I love walking barefoot during the summer or wearing my favorite sandals. But when I do, my feet get so dry! Every night I wash my feet and put lotion on, but it doesn’t seem to help. Why are my feet so dry even when I moisturize?
Dry Feet Blues
We get you! Who doesn’t love slipping into their favorite flip-flops on those warm summer nights? But it can be embarrassing to look down and see Grand Canyonesque cracks in your heels. But what does “dry feet” mean, really? Well, it depends on what the probable cause is. Understanding why your feet are dry is the first step to treating them.
Just to be clear, at Curology, we don’t manage dry feet or provide products to treat dry feet. But, as skincare professionals and licensed dermatology providers, we’ve learned a thing or two about dry skin, and that includes dry feet! So, here’s what we know—we hope this helps you.
What causes really dry feet can be several things and may be exacerbated during the summer when it’s dry and hot. Nonetheless, dry, rough, or cracked skin on the feet is common because the soles of the feet don’t have oil glands. They also tend to get a lot more wear and tear than other parts of your body.
Dry feet can result from everyday factors and potentially underlying medical conditions. Here are some of the most common causes of dry feet:
Dry hot weather. Dry hot conditions can lead to dry skin all over, including on your feet. Walking around barefoot in warm weather can also contribute to dryness.
Irritation. Excessive rubbing or friction over a specific area on the feet can lead to cracks in that area. Fissures (small cuts) can form on the heels. Standing for a long time or wearing ill-fitting shoes can contribute to irritation.
Aging. As we age, our skin doesn’t retain water as well. This can also contribute to dry feet.
Ingredients in soaps and other products. Many skincare products have drying ingredients, e.g., denatured alcohol. Look for gentle products with hydrating ingredients.
Medical conditions. Several medical conditions can affect the feet, including diabetes and eczema. More on medical conditions in a bit.
Medications. Side effects from certain medications, like diuretics, can dry out the skin (potentially the skin of the feet!).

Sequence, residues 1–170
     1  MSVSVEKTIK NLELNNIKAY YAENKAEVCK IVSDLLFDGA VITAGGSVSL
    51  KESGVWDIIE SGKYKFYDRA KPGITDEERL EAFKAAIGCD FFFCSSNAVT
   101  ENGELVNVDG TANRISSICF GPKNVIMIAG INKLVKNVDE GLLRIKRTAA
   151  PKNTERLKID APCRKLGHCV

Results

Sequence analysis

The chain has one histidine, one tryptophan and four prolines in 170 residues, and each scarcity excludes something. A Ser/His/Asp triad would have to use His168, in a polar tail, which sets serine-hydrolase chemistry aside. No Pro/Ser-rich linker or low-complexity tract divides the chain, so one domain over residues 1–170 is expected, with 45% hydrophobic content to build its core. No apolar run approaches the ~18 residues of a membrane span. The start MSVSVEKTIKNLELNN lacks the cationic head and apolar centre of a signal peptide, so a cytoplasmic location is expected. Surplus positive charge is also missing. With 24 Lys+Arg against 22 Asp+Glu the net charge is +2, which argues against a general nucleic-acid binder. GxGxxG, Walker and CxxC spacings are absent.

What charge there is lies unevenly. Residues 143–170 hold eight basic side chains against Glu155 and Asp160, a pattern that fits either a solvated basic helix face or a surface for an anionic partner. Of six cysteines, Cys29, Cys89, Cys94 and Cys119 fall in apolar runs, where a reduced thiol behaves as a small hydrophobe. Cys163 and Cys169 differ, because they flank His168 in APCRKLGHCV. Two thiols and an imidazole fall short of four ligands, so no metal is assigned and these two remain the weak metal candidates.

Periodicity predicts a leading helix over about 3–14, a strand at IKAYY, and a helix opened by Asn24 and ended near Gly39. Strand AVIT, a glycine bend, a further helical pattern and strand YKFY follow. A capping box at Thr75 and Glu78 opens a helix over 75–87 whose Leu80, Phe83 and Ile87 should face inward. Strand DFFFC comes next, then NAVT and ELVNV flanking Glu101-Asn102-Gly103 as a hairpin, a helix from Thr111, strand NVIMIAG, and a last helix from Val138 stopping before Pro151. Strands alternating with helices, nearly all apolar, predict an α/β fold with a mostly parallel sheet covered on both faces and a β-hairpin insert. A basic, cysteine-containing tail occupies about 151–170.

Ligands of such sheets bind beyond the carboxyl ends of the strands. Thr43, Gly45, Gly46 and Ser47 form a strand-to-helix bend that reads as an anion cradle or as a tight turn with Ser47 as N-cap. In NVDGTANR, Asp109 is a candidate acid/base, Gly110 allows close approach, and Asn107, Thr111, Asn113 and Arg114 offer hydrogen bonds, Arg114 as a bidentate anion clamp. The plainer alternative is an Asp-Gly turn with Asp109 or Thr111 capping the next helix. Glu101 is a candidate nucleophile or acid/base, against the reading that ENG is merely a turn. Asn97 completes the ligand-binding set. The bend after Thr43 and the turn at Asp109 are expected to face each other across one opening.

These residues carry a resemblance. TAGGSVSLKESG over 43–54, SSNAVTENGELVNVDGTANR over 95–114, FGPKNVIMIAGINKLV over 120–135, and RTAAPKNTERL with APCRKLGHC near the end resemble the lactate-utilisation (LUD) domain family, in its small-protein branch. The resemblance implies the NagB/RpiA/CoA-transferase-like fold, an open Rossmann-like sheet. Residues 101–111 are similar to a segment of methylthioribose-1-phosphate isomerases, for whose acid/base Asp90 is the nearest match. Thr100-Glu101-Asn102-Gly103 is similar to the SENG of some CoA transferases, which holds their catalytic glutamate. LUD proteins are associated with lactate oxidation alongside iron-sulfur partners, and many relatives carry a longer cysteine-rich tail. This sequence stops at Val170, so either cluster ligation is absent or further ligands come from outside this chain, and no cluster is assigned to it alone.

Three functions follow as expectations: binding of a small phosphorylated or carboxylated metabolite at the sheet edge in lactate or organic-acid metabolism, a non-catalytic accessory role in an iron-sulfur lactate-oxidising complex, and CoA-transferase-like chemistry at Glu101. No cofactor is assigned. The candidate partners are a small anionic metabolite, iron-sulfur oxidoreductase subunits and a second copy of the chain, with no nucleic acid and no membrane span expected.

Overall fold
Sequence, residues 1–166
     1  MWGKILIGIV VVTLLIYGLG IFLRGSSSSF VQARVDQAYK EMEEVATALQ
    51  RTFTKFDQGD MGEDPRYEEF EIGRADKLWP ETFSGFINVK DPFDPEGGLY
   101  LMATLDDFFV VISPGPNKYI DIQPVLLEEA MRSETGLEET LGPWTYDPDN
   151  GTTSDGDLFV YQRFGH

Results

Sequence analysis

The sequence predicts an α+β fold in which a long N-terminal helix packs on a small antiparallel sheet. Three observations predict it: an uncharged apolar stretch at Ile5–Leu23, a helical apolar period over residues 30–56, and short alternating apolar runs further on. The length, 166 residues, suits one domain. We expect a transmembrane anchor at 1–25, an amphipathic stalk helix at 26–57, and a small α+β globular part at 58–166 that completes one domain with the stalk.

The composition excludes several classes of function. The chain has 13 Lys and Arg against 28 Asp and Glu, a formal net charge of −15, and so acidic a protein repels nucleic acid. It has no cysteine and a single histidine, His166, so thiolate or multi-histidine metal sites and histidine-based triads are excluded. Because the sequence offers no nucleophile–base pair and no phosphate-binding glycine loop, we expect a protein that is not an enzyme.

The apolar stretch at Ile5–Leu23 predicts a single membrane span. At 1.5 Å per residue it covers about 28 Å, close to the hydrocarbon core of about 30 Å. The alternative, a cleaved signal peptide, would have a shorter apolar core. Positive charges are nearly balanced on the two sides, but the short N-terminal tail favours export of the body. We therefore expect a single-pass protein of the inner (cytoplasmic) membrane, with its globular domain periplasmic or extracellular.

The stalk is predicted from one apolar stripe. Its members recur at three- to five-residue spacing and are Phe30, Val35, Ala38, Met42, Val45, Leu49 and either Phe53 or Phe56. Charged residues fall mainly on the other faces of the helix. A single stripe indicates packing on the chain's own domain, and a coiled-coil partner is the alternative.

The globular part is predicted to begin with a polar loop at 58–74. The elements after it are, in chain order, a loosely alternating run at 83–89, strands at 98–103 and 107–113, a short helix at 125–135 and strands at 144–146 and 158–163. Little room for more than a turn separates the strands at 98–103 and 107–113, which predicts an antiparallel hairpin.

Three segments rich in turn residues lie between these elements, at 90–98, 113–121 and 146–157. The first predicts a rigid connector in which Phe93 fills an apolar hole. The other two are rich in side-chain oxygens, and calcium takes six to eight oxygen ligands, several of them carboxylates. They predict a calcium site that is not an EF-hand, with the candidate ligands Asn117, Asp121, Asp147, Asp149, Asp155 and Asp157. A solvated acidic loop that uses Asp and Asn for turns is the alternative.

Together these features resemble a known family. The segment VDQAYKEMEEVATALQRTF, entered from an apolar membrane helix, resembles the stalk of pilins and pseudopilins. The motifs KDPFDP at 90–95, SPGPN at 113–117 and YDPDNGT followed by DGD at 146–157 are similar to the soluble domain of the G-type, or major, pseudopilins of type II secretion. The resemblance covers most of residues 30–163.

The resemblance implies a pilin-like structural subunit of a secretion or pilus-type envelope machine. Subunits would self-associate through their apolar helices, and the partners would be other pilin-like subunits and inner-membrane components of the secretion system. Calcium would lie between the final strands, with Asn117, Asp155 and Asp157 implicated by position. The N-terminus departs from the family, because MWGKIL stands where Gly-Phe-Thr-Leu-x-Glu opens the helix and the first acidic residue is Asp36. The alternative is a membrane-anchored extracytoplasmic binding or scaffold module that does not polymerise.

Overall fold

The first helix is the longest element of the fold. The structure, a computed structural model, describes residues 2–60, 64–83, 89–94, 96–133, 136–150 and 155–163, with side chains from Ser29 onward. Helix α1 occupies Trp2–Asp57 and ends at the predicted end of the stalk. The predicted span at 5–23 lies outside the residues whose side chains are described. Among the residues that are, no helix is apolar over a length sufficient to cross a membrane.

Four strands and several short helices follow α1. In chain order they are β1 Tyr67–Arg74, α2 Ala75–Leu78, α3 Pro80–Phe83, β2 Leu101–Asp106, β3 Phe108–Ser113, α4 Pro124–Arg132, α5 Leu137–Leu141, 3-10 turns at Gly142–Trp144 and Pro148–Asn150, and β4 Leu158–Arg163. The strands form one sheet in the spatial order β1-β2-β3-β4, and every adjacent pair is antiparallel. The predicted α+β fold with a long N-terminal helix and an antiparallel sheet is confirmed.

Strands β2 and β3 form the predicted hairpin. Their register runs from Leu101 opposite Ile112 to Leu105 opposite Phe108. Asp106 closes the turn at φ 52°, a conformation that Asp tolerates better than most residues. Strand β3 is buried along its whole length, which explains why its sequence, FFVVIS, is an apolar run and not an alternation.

Several medical conditions—and some treatments for certain medical conditions—can contribute to dry feet. If you’ve been diagnosed with a medical condition, speak with your medical provider or podiatrist before trying any home remedies for dry feet.
Eczema causes localized skin inflammation. Eczema can manifest as dry, crusty, or itchy patches of skin. It can occur anywhere on the body, including the feet.
Athlete's foot is a fungal infection often resulting in a scaly red rash. It usually appears between the toes but can also occur on the sole, sides, and tops of the feet.¹
Diabetes can damage the peripheral nerves, causing neuropathy, which can affect the nerves in the feet. Diabetes can also damage the vascular supply to the feet. These factors can contribute to scaly, flaky, dehydrated skin, cracked heels, or injuries from loss of feeling and reduced blood flood.²,³
Hypothyroidism can lead to dry feet—especially on the soles of the feet—because the thyroid gland cannot properly regulate all the factors that keep our skin in its normal state.⁴
Cancer treatment can result in hand-foot syndrome. Hand-foot syndrome occurs from certain chemo drugs used to treat cancers. Hand-foot syndrome can result in redness, swelling, and blistering on the palms of the hands and soles of the feet, and it can be very painful.⁵
Ever ask yourself, “Why are my feet so dry and cracked?” If so, you’re not alone—dry feet are extremely common because there are so many causes. Whatever the cause may be, here are some ways to care for your dry feet:
Cleanse. Use a moisturizing body wash regularly to remove dirt, dead skin cells, and other buildup from the bottom of your feet and between your toes. Pro tip: Try to skip products with denatured alcohol or fragrance to avoid further dryness or irritation.
Soak. A 5 minute soak in lukewarm water can help add moisture back to dry feet. You can add ingredients to target specific foot problems— just ask your medical provider for recommendations first.
Exfoliate. After bathing or soaking your feet, consider using a konjac sponge or pumice stone to get rid of excess dead skin.
Moisturize. After cleansing and exfoliating, don’t forget to apply moisturizer. It’s a good idea to moisturize right after bathing, when your skin is still slightly damp. Use a rich cream, ointment, or Vaseline to deeply moisturize and protect your skin from water loss.